I would like to wish all our North American readers a Happy Thanksgiving Day! I thought this house fit the mood of the day and I hope you enjoy it.
This is the Laughing House sculpted by Linda Smiley and Ianto Evans out of cob, clay, sand, and straw. Dug locally right from the ground. They live in the temperate climate of the Pacific Northwest, so high thermal mass (non-insulating) walls work in their climate.
This photo is from their websitte: http://www.cobcottage.com/laughing-house
It’s estimated that half of the world’s population lives in earth buildings, but for many countries this type of architecture was until recently fairly rare. Now materials like rammed earth, cob, compressed earth and mud brick are experiencing a comeback.
A modern cob home- Cobtun House- in England won the Royal Institute of British Architects’ sustainability award and went on to sell for well over a million dollars (750,000 pounds). And cob is just a simple mix of clay and straw (though sand or some sort of grit is often used as well).
Cob is cheap- the walls of Cobtun House cost just 20,000 pounds- and infinitely recyclable. It’s also a very green building material for plenty of other reasons.
It’s a local material: the clay and sand are most often extracted from the property where the building is built. It’s energy efficient: cool in the summer, warm in the winter and fire-resistant. It’s efficient with space since cob buildings are smaller than the average American home.
A cob home is also a perfect DIY project since the materials can be mixed with your hands and feet and molded freeform- without support structures- to create a house (See books like The Hand-Sculpted House: A Practical and Philosophical Guide to Building a Cob Cottage).
In this video, Margaret Krome-Lukens of North Carolina’s Pickard’s Mountain Eco-Institute shows us the cob home- refreshingly cool on a hot summer’s day- that interns Mike and Greg are building for her on the property. They talk about the horse manure used as an additive to the walls, how the material is so easy to sculpt, the green roof and living small. Since her new home is less than 150 square feet, Margaret talks about the joy of giving up stuff to move in.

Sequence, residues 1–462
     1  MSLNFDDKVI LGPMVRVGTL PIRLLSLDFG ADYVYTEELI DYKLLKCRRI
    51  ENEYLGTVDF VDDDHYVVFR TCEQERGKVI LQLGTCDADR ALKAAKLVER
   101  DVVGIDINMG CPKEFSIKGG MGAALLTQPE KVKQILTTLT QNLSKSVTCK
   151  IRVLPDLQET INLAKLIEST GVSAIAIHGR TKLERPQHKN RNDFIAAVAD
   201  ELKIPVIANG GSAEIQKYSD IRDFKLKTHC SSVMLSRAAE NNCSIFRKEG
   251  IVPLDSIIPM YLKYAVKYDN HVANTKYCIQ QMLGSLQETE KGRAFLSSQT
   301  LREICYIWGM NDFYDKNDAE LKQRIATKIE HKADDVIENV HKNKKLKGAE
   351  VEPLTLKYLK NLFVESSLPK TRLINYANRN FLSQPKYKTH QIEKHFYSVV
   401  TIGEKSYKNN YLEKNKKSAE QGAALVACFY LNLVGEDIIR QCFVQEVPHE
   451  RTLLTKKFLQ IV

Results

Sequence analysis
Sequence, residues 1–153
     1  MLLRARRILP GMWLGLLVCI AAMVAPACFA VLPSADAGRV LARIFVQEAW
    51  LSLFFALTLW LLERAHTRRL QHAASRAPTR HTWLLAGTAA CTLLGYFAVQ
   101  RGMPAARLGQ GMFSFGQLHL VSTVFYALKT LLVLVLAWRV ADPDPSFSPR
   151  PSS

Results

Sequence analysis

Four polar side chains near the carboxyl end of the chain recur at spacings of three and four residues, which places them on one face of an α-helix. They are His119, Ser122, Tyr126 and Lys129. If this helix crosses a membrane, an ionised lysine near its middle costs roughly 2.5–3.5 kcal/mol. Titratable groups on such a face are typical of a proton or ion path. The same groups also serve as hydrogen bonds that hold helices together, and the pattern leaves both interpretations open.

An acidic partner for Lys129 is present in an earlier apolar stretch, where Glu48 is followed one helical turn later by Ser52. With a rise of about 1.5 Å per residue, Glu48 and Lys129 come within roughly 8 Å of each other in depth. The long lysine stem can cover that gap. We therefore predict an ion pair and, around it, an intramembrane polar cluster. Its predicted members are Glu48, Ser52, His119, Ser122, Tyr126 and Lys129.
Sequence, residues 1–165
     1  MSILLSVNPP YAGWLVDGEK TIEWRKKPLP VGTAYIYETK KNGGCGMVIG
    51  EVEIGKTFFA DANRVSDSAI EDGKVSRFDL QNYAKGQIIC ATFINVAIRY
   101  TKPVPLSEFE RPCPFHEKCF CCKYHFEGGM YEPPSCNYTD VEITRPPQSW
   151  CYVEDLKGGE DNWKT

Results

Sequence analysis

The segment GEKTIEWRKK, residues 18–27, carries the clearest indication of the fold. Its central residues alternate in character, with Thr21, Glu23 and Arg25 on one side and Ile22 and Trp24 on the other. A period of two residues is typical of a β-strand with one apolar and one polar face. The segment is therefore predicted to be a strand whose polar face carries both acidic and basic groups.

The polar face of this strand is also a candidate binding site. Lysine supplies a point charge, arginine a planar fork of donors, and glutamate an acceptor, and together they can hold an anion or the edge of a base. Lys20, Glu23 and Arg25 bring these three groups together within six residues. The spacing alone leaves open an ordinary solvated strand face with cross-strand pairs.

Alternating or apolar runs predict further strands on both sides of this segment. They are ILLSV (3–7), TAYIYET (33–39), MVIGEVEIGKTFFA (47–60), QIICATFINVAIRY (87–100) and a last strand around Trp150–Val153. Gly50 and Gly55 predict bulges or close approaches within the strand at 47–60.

This roundhouse, built of cordwood, cob, straw and recycled windows, is located in southwest Wales and owned by Tony Wrench. It’s not only a low impact, natural dwelling built with what was on hand, but it’s become a symbol for the rights of natural builders within the United Kingdom.
The house was built in 1997 by Tony and featured solar power, a wind turbine, composting toilet and reed beds for gray water. Tony based this house on American Indian designs he had seen in history books. In the past, he had had experience building “wacky structures” and wanted to live as close to the land as possible. Even though he built it inside Pembrokeshire Coast National Park, with agreement from the owners of the land, he never got permission for the structure from the local planning board. After several court appearances, he and his partner, Jane, decided to demolish it in 2004, but changed their minds after public demonstrations persuaded them not to. The Pembrokeshire Coast National Park Authority attempted to get a court injunction to force Tony to demolish it, but were persuaded to allow it to stay up until July 2006, when they could re-apply under the new Low Impact Policy. In 2008, the committee voted to give Tony a conditional for three years. So – the roundhouse still stands. Continue Reading »